• In this case, a pay increase, typically up to 5%, may be considered.
Key considerations
  • Describe how the complexity of the new job is more significant than the employee’s previous job.
  • How will the employee be expected to negotiate, set his/her own standards and goals, and/or manage or coach (either formally or informally) at a higher level than in his/her previous job?
  • Explain what type of decision making will be required in the new job and whether the consequences will be greater.
  • How will the job require higher levels of independent action and autonomy?
  • If an increase is appropriate, consider internal equity when factoring the amount of the increase.
The process
  • When appropriate, obtain approval from the designated senior administrator within a School/Area or DLC.
  • Consult with Compensation and/or your HRO before discussing any salary change with an employee.
  • Lateral transfers typically do not warrant a salary increase; however, review the Guidelines and Key Considerations above to determine whether a salary increase is appropriate.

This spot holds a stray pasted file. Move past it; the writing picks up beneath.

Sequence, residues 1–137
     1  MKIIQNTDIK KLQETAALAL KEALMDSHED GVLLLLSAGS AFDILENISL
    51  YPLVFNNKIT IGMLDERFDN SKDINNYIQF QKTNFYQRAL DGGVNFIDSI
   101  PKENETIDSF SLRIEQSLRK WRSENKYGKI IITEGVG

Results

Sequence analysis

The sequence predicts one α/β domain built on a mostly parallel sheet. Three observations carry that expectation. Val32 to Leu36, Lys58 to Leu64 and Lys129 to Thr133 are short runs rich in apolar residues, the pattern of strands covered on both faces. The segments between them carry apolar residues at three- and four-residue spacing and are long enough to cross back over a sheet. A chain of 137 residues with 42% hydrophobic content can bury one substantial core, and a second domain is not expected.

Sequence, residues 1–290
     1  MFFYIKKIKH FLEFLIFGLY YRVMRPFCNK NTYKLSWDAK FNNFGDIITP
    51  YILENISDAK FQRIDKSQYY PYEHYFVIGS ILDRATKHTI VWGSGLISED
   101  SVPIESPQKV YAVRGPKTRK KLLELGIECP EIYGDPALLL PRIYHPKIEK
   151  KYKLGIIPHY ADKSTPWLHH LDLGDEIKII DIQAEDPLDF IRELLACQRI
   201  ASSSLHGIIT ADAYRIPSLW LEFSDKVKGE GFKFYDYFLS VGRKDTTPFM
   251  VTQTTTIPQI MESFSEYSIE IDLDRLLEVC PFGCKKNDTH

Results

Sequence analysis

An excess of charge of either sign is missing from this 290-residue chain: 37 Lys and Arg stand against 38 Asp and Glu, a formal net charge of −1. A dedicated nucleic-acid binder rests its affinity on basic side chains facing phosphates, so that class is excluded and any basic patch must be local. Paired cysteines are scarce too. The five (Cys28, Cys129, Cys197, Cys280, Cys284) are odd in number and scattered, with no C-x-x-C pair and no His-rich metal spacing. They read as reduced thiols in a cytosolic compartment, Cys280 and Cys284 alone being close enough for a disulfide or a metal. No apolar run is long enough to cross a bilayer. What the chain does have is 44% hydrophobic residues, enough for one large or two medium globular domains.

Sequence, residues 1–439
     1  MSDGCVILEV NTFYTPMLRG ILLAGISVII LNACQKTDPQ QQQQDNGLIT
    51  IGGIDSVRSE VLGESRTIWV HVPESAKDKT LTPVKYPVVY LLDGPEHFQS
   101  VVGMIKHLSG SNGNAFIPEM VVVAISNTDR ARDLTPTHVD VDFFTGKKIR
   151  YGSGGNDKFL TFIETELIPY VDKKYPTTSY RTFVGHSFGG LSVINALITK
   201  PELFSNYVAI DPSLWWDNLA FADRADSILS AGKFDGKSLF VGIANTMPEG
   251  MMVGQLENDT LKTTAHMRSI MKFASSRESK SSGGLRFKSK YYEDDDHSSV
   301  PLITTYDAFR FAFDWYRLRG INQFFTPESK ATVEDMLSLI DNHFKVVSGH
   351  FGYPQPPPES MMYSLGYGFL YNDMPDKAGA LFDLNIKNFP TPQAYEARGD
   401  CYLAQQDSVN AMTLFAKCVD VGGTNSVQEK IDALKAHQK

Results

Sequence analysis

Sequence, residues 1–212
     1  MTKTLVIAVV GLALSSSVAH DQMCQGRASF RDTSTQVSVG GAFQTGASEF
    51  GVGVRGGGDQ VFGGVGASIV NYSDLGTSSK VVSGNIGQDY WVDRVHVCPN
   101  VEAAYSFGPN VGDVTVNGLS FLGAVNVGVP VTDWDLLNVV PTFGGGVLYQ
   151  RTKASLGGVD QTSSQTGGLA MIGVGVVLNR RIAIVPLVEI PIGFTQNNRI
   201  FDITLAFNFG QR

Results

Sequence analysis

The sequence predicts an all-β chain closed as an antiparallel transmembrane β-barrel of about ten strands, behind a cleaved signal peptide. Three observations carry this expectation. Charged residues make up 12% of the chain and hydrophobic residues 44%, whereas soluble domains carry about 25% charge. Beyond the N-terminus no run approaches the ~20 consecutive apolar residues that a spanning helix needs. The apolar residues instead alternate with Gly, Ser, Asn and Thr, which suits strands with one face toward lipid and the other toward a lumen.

For various reasons, an employee’s scope of work may change to include a significant increase in responsibility. The amount of the increase, if warranted, would depend on the degree of change in the job.

Guidelines
  • Increases with increase in job responsibility are typically up to 5%.
  • An increase would occur with major changes in responsibilities or a measurably higher degree of complexity within the current role.
  • An increase in the volume of activity or transactions will not typically warrant additional pay.
  • Similarly, an increase in the number of staff will not always lead to a pay increase for supervisory employees (if responsibilities remain similar).
Key considerations
  • How has the ultimate accountability for the job increased? For example, does the role directly supervise significantly more staff; have significantly higher budgetary responsibilities; and/or have increased input in determining strategic direction?